If you are applying for a job or fellowship, your statement should highlight any involvement with diversity-related activities on other campuses. If, for example, you have participated in programs targeting under-represented students such as McNair Scholars Program it would be pertinent to mention it here. Furthermore, indicate whether you would be willing to contribute pre-existing programs or start new ones based on what has been seen elsewhere.
Identify Your Actions
As well as setting goals, it is also necessary to take an inventory of what actions have been and will be taken towards reaching these objectives. Positive sentiments alone won’t suffice – concrete steps must be taken toward making your workplace more equitable.
For instance, if your commitment is to make your classes more inclusive, include it in your DEI statement and describe ways that you are working toward this end. This could involve simple measures like asking students to use preferred names on assignments or more involved initiatives like incorporating antiracist pedagogy. You should also mention your participation in any existing diversity-related programs on campus or any new initiatives you might consider starting based on models you’ve seen elsewhere.
DEI statements do not require disclosure of personal identities; however, you may wish to do so. For instance, you could explain how your racial identity influences and motivates your work by mentoring students from underrepresented communities to succeed in your field. You could also discuss how disability shaped how you navigated higher education as an undergraduate and graduate student as well as mitigating barriers to learning for your students with disabilities by employing inclusive classroom practices like NameCoach.
Your DEI statement can be as short or as long as necessary; regardless of its length, however, it must remain clear and concise with minimal use of buzzwords – instead focusing on facts and values as appropriate. Furthermore, make sure it aligns with your overall business strategy as well as being measurable so it can be measured effectively.
At its core, a strong diversity equity and inclusion statement is designed to attract and retain top employees and customers. To do this effectively, it should reflect your core beliefs and values while being integrated into your organizational culture – which is why prior to releasing your DEI statement publicly it’s so crucially important for organizations to invest in its planning process.
Identify Your Successes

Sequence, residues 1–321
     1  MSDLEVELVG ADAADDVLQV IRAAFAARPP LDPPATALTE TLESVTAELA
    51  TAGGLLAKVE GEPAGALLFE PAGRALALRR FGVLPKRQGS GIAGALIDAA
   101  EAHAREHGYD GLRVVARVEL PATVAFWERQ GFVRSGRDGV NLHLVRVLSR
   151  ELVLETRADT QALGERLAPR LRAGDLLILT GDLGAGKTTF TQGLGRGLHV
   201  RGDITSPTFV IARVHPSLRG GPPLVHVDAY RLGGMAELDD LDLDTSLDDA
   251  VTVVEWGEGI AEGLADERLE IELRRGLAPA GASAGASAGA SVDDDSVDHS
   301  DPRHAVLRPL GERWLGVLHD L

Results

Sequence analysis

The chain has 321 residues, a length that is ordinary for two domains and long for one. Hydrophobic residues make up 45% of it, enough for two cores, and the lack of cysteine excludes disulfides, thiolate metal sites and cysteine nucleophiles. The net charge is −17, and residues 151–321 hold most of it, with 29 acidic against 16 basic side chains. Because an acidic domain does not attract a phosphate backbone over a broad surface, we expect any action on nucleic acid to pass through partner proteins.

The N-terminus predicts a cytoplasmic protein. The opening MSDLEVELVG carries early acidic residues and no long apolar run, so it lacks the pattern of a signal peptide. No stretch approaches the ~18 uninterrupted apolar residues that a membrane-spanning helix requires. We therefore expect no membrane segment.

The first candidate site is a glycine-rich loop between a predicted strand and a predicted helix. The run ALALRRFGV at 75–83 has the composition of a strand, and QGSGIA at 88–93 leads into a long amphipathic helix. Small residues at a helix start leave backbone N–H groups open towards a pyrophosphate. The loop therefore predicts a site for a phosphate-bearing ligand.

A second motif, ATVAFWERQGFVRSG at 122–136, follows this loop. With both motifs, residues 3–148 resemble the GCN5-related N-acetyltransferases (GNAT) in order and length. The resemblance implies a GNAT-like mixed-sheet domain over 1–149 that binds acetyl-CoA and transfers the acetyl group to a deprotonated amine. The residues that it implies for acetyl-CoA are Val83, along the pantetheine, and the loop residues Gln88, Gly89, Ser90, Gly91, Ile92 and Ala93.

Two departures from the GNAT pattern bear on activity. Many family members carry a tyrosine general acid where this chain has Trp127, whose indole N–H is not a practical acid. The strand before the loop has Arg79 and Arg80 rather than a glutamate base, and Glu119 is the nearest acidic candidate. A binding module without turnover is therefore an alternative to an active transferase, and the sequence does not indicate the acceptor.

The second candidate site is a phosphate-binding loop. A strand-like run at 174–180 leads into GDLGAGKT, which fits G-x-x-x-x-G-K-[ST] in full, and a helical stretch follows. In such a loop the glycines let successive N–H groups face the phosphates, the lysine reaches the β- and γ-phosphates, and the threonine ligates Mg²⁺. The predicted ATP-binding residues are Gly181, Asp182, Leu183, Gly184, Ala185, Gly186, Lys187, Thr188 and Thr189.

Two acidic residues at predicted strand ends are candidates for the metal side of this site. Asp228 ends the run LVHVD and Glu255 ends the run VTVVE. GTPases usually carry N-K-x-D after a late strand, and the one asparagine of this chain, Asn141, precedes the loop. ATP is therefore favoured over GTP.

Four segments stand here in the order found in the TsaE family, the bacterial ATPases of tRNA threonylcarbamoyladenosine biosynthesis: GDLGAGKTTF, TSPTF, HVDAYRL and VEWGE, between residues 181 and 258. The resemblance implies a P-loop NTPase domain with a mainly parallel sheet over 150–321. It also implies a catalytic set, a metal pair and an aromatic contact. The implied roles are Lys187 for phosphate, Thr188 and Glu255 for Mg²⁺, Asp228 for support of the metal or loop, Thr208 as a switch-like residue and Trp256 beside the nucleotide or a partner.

To make an impressionful diversity statement, it’s crucial to include examples that demonstrate how you have worked toward its goals. This shows that your diversity statement goes beyond mere principles by showing you have taken proactive steps toward improving workplace diversity and equality.
Many individuals avoid writing about their DEI work out of fear it will sound political, leading to an inauthentic diversity statement that fails to meet its goal of diversity, equity and inclusion. Instead, focus on providing concrete examples of how your efforts and research have advanced these goals.
As an instructor at a university, it would be worthwhile to highlight your efforts at creating more inclusive classroom environments for your students and incorporating DEI-oriented teaching materials. Furthermore, as an accomplished scientist who has long championed gender and racial equality in your lab environment, such efforts should also be highlighted in your diversity statement.
As important, it’s also vitally important to be truthful when discussing both your successes and areas where there is room for growth. A realistic picture of where you currently stand in terms of DEI experience is more meaningful and credible to potential employers, colleagues and students than presenting lofty ideals that cannot possibly be fulfilled.
Building an effective diversity statement takes time and effort, but is essential to any effective job application. To maximize its value, collaborate with colleagues or supervisors before soliciting feedback from others in your field before finalizing your statement. For assistance or guidance in creating one yourself, CO-OP’s experts are on hand – reach out now and let’s see how we can help!